Review History

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  • The initial submission of this article was received on February 28th, 2013 and was peer-reviewed by 2 reviewers and the Academic Editor.
  • The Academic Editor made their initial decision on March 29th, 2013.
  • The first revision was submitted on April 30th, 2013 and was reviewed by the Academic Editor.
  • The article was Accepted by the Academic Editor on May 2nd, 2013.

Version 0.2 (accepted)

· May 2, 2013 · Academic Editor


I believed you have successfully adressed the issues raised by the reviewers

Version 0.1 (original submission)

· Mar 29, 2013 · Academic Editor

Major Revisions

Both reviewers express concerns about some different aspects of the manuscript, such as the use of truncated elements and the possibility of horizontal transfer

Reviewer 1 ·

Basic reporting

I found this paper very interesting. The results that are reported are original and intriguing. There are however a few important problems in the methodology, that need to be addressed before publication.

Experimental design

1- p. 6: "We have assumed that top BLAST hits which match the same Alu sub-species and have an e-value of 0.0 (which corresponds to e below minus 200) are orthologous sequences."

This operational definition of orthology lacks precision (because the e-value depends on the size of the database), and it is not clear whether this threshold implies that the BLAST alignment covers both the element and its flanking regions.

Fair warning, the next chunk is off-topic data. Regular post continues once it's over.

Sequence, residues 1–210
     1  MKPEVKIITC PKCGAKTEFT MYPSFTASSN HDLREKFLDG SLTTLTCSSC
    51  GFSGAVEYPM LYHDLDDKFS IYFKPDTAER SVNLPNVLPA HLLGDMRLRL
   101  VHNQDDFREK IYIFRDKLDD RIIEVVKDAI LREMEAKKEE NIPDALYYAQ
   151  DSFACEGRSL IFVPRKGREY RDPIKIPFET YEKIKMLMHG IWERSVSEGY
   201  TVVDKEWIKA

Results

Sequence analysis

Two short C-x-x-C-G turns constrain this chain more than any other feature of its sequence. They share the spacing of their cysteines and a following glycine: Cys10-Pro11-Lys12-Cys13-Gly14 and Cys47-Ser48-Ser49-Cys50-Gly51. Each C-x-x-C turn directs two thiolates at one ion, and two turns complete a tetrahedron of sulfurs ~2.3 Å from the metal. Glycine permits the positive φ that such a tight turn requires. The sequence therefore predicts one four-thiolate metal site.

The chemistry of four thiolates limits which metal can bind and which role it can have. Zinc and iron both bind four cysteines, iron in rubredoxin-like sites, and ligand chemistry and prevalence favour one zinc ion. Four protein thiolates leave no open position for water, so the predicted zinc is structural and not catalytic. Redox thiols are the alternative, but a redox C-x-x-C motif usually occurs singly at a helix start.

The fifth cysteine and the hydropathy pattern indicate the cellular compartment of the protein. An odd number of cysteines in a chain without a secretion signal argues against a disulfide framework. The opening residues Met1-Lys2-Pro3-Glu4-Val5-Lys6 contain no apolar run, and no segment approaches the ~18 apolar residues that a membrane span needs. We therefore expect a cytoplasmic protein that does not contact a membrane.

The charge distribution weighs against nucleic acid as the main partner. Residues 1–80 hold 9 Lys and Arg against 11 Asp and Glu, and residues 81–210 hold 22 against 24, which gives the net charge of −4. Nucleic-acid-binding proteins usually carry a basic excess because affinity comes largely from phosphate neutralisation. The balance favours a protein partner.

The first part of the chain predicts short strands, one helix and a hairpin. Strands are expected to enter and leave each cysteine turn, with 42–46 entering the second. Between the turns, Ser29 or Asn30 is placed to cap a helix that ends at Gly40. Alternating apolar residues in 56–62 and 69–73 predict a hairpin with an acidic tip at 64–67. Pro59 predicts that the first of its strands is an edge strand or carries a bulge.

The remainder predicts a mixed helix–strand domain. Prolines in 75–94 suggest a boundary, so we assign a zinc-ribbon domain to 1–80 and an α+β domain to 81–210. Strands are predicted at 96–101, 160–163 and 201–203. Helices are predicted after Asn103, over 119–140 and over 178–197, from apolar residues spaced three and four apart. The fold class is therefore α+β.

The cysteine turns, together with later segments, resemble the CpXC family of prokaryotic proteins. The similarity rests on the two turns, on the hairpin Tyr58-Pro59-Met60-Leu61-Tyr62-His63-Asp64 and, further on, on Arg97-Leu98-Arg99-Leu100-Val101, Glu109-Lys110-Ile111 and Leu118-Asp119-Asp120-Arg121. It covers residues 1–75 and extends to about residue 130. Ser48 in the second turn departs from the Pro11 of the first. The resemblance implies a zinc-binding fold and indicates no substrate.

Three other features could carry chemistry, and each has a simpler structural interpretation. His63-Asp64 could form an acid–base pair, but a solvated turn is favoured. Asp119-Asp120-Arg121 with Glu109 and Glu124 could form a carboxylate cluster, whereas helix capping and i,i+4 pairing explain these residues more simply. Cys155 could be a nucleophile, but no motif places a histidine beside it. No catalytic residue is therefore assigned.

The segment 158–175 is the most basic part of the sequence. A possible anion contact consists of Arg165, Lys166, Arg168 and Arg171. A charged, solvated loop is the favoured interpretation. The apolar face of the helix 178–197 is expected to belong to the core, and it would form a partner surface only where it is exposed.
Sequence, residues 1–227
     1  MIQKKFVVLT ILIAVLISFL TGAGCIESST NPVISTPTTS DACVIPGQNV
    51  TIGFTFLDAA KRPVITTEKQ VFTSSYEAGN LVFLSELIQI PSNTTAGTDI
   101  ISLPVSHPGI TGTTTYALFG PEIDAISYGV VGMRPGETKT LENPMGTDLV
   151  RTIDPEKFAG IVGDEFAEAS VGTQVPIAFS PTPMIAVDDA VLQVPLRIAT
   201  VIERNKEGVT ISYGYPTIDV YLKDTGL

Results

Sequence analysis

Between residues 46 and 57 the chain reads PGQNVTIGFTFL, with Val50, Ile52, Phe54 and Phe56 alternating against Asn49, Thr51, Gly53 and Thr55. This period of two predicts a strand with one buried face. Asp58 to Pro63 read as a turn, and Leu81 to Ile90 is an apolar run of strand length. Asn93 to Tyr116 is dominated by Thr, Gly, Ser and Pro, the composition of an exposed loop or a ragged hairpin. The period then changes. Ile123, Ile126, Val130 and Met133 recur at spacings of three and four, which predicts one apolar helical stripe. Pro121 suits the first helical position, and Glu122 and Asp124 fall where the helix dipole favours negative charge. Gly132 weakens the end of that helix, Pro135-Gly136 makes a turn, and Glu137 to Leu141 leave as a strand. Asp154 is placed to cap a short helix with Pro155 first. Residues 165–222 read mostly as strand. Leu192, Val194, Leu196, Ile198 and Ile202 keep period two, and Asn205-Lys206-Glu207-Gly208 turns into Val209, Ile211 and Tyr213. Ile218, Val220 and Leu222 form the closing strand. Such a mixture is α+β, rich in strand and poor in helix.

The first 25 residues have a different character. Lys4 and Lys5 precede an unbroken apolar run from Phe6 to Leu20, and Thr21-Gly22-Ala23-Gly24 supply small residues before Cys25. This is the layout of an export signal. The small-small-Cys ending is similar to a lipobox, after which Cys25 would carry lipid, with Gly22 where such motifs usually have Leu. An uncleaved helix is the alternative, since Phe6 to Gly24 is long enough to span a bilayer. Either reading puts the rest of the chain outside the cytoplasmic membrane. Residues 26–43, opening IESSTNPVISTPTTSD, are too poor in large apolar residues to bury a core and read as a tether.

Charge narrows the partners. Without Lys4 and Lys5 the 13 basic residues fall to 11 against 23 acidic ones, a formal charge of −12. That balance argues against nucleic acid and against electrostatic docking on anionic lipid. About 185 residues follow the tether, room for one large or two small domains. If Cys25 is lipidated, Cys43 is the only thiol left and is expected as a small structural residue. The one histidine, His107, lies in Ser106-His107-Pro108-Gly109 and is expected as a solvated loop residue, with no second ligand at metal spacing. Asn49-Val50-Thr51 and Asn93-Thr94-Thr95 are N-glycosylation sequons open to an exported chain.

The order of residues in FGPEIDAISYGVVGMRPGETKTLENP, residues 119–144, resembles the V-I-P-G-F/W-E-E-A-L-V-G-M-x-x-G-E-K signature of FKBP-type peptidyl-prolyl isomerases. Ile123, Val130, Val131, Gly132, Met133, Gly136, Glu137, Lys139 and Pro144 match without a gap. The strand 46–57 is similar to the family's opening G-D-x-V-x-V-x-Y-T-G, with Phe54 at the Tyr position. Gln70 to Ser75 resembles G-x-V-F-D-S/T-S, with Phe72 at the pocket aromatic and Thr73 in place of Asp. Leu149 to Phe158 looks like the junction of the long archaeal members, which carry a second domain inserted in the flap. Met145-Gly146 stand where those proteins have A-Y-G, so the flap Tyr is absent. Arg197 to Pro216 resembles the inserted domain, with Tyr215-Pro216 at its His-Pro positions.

The authors should have measured alignment parameters (i.e. alignment length and level of sequence similarity) i) in the flanking regions and ii) in the Alu element, and then indicate clearly the minimum alignment parameters (for the element and for its flanks) that they required to infer orthology.

NB: " which corresponds to e below minus 200" should be " which corresponds to e below 1e-200".

2- P. 6: " Those elements without homologs in some species where the element would be expected to be present, assuming the element was originally inserted into a MRCA, have been removed from the dataset to reduce the likelihood of including elements which are the result of horizontal transfer."

If a given locus (an element + its flanking regions) is shared between –say - human and orangutan, but is not found in chimpanzee, then the most likely explanations are that this locus was lost in the chimp lineage or that it is missing from the chimp reference genome assembly (genome assemblies are not 100% perfect). I do not see how such cases could correspond to "horizontal transfers" (to my knowledge, the rare cases of horizontal transfers described in animals concern only transposable elements, not their flanking regions). I therefore do not understand the reason for excluding these elements from the analysis. In principle, these elements (which most likely correspond to cases of Alu losses) represent an excellent data set for the authors to test their hypothesis that Alu elements are preferentially lost in GC-rich regions. The authors should therefore include these cases in their analyses (as additional categories in Fig. 2 & 3).

I'm also surprised that the vast majority of elements do not pass this filter: only 59,676 out of 345,708 elements (i.e. 17%) are retained after this step. If 83% of loci show a taxonomic distribution that is not consistent with the phylogeny, then this implies either that the deletion rate is very high or that there are many false orthology assignments (which would of course considerably weaken the results presented here). The authors should comment on that. They should also make some controls to ensure the quality of their orthology inferences (e.g. using whole genome alignment data that are available on USCS or Ensembl).